How to Create a Duotone Illustration with Print Shift Effect
Join illustrator Julio Robledo in this Duotone illustration tutorial using layer blending modes to digitally create a traditional print shifting effect.
In this tutorial, we will create an image using two colors called a duotone illustration. The two colors in a duotone illustration produce a third color when combined. We will learn how to digitally simulate a printed duotone work and explore its expressive possibilities.
The illustration shows a well-known pair of detectives, looped along the trail of their own footsteps in the snow. Is there anything better than a gag? In the background, Big Ben and the Houses of Parliament set the scene in London. The idea of the snow came to me only after thinking that the characters would stand out better as silhouettes on a white background.
These were my initial sketches:
Then I made a sketch in the application that I used to create the illustration, Clip Studio Paint.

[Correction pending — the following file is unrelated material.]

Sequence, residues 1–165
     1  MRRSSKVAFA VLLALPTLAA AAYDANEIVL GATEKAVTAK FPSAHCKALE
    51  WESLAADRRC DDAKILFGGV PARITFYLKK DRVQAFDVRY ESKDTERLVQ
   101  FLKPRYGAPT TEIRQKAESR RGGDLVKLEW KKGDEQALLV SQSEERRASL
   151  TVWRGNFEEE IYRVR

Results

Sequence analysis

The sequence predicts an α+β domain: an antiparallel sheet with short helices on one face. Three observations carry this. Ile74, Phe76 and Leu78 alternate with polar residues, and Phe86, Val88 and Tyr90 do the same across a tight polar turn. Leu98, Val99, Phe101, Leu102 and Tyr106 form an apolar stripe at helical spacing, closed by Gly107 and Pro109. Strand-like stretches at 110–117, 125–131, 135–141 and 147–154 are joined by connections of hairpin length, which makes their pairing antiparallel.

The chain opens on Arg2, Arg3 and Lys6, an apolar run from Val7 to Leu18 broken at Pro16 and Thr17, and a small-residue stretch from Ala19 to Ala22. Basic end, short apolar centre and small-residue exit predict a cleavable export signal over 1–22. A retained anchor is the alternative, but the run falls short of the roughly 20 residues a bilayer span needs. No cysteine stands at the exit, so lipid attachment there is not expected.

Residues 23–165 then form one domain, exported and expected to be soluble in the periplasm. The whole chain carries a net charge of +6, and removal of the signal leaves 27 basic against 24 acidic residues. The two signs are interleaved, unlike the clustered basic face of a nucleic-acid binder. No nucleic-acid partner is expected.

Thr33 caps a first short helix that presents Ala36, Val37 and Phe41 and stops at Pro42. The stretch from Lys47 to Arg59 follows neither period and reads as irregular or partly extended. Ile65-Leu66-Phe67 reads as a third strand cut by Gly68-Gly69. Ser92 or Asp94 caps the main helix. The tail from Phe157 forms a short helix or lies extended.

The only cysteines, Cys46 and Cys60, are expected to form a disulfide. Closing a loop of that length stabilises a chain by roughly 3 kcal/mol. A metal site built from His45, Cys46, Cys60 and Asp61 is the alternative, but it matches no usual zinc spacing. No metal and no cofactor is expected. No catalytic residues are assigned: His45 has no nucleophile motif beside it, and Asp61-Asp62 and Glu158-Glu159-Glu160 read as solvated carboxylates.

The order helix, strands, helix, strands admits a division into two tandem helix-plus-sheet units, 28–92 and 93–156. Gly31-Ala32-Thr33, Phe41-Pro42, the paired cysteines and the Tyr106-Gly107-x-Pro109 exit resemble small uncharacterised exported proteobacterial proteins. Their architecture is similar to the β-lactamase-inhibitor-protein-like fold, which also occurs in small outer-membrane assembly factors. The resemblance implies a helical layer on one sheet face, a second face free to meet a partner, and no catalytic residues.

I chose a 20 x 40 cm canvas at 72 dpi resolution.
2. Choosing Colors
For traditionally printed duotone items such as posters or photographs, the printing process requires the creation of a printing plate for each ink color. These monochrome plates were traditionally used with the color black. For our digital duotone image, we will use solid black filled shapes to indicate where our chosen tone will be placed.
As an example, let’s imagine a simple print: A green star and an orange square. Fig. 1 is the monochrome plate of the star and Fig. 2, the monochrome plate of the square. If these were traditionally printed, the overlapping colors (inks) would generate a third color.
We can digitally mimic this printing process by keeping each color on a separate layer and then setting their Blending Mode to Multiply. (Fig. 3)